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The Good-Cop, Bad-Cop Podcast of the Outdoors

Elizabeth Nakano and Paddy O'Connell, hosts of the new interview show 'Safety Third,' talk about their interviewing techniques and what they're listening to

The statement for their show is “ideas forged from adventure.” (Duct Tape Then Beer/Anya Miller)
safety third

Elizabeth Nakano and Paddy O'Connell, hosts of the new interview show 'Safety Third,' talk about their interviewing techniques and what they're listening to

Like any great love story, this one starts with two strangers at a baggage claim.

Last year, at 5Point Film Festival, Fitz Cahall, the elder statesman of outdoor podcasts for the past 11 years as host of the Dirtbag Diaries, approached writer Paddy O’Connell about potentially hosting a second podcast. He wanted to start an interview-style show about the outdoor world, but he wanted it to be weird and irreverent and fun, and after watching O’Connell drop from the ceiling wearing flaming fairy wings while hosting the festival, he figured he might be the right person for the job. O’Connell was interested.

Elizabeth Nakano, who had been freelance producing for the Seattle-based Diaries, came to town to meet the crew and talk about ideas, and by the time they left baggage claim at Sea-Tac, she and O’Connell, who had never met before, were riffing on each other, tossing jokes back and forth.

Nakano was initially just supposed to produce the show, but when Cahall heard their rapport, he had a better idea. The two would co-host, and use their banter—O’Connell’s goofy good cop, and Nakano’s eye rolling bad cop—to draw out guests. The result is a brand new weekly podcast: Safety Third, which launched at the end of May. In the first season they ask people like BASE jumper Chris MacNamara about disasters, or Wylder Goods founder Jainee Dial about losing her boyfriend in a climbing accident.

“Like Dirtbag Diaries, we’re still building on a story arc, and some poignancy, but we’re doing it in a really different way,” O’Connell says. “We’re going to talk about the outdoor industry, about death, about love. It’s a really wide scope.”

Nakano says they try to get guests to drill down to a specific belief statement that shapes the way they look at the world. The statement for their show is “ideas forged from adventure.” We asked them about their podcasting philosophy, their dream guests, and what they’ve been listening to (besides their own show).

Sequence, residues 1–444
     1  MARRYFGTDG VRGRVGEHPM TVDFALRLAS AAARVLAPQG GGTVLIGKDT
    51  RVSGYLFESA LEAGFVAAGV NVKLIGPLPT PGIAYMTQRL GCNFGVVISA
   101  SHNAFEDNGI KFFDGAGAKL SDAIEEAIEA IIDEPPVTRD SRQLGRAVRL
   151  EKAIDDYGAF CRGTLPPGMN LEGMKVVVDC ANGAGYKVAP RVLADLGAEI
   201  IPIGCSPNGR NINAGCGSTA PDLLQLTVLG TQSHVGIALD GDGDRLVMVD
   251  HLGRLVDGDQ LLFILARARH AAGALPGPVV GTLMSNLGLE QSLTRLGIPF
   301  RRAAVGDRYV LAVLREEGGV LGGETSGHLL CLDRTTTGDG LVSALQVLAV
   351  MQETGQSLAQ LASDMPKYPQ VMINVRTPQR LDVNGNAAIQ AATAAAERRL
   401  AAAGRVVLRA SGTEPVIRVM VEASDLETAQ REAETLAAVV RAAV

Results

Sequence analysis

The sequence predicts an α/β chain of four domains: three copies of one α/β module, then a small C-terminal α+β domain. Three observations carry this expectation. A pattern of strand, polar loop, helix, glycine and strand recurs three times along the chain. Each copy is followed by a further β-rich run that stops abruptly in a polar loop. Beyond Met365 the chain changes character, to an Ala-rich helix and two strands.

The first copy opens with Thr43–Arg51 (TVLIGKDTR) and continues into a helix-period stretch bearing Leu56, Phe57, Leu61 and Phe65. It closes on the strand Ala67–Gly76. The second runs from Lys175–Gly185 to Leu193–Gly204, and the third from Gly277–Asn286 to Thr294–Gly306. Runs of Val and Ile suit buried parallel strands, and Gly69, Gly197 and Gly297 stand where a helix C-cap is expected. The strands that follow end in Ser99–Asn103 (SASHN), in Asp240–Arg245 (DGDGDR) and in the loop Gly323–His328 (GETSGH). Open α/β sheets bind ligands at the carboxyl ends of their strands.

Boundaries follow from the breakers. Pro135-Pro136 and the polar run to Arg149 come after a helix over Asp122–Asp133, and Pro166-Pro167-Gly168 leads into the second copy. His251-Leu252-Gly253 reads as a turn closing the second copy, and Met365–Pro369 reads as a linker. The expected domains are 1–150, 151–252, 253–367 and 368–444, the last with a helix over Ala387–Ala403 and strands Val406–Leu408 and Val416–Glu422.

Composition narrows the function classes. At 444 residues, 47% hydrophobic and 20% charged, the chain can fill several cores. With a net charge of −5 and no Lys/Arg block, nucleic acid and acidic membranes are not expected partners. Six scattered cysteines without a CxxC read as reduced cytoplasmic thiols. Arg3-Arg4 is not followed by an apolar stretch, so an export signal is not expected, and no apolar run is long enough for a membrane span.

On Why They Like Podcasting as Their Platform
ELIZABETH NAKANO: It’s an overused trope, but people always say it’s like storytelling around a campfire, and there is something really intimate about hearing people’s voices right in your ear.

PADDY O’CONNELL: We didn’t really want an interview podcast, we wanted it to be a conversation. Originally the plan was me in front of a microphone. We tried one run through of that and everyone was like, “This is not it.” In a conversation you interject and talk over people, so by miking everyone and layering the audio, we could make it feel like that.

On Belief Statements
PO: The way I see it in my head, Elizabeth and I are kind of like aliens floating around asking people, “How do you do life?” Those people are going to tell us the lessons they’ve learned, and how they use those as fuel to move forward and navigate life. Selfishly, it’s kind of like: “Can you make me a better person based on your good stuff and your hard stuff?” I love the outdoors because it really puts your character on trial in front of you. You can be happy-go-lucky in the parking lot, but what happens when you’re in the backcountry and shit hits the fan?

EN: I ask guests, do they have a gut feeling about a certain principle, and from there we get into the facts, and things from their life that build up to that. It’s not necessarily how they apply their beliefs, but more, how do we arrive at certain conclusions.

PO: We had my parents on, to talk about love, and their belief is: “We believe marriage is a path to self,” or [director of Colorado’s Office of Outdoor Recreation Industry] Luis Benitez said, “The outdoor industry needs to operate like the oil industry.”

On Helping Guests to Open Up
PO: Elizabeth and I, because of who we are, use humor as a way to connect but also a way to hide in plain sight. I’ve had to laugh through the difficult things I’ve been through and now we’re getting to use humor to discuss big things. You can disarm people, and get their shields down. Wait, that sounds creepy. I mean we use it to ease the listeners in, to talk about the tough parts. We call it the beach entrance.

On What’s Next
PO: Coming up we have episodes with Stacy Bare, Eric Jackson, and Erik Weihenmayer. But I’m also excited about digging into the rapport between Elizabeth and me, and figuring out how we use that. As a writer I’ve never had a writing partner, and I’ve had tons of editors, but I’ve never sat across the table with someone and worked on the same piece. I finally realize how Lennon and McCartney felt. Did I just call us the Beatles?

On a Dream Guest
PO: Michael Jordan. Dude, I still watch Michael Jordan videos on VHS.

On What They’re Listening To
EN: I listen to over 100 podcasts every month, to try to focus on different storytelling techniques, and track what people are finding interesting. Right now I’m really into Caliphate from The New York Times. It’s by one of my favorite Radiolab producers, Andy Mills, and Rukmini Callimachi, who I think is an amazing journalist.

PO: I just finished reading The New American Road Trip Mixtape. The world needs to read more Brendan Leonard. I could listen to Terry Gross all day. Have you heard the interview she does with Marc Maron? He flips it around on her and makes her talk about herself, and it’s amazing.

Filed To: Interview / Podcasts / Adventure / Media / Culture / 5Point Adventure Film Festival
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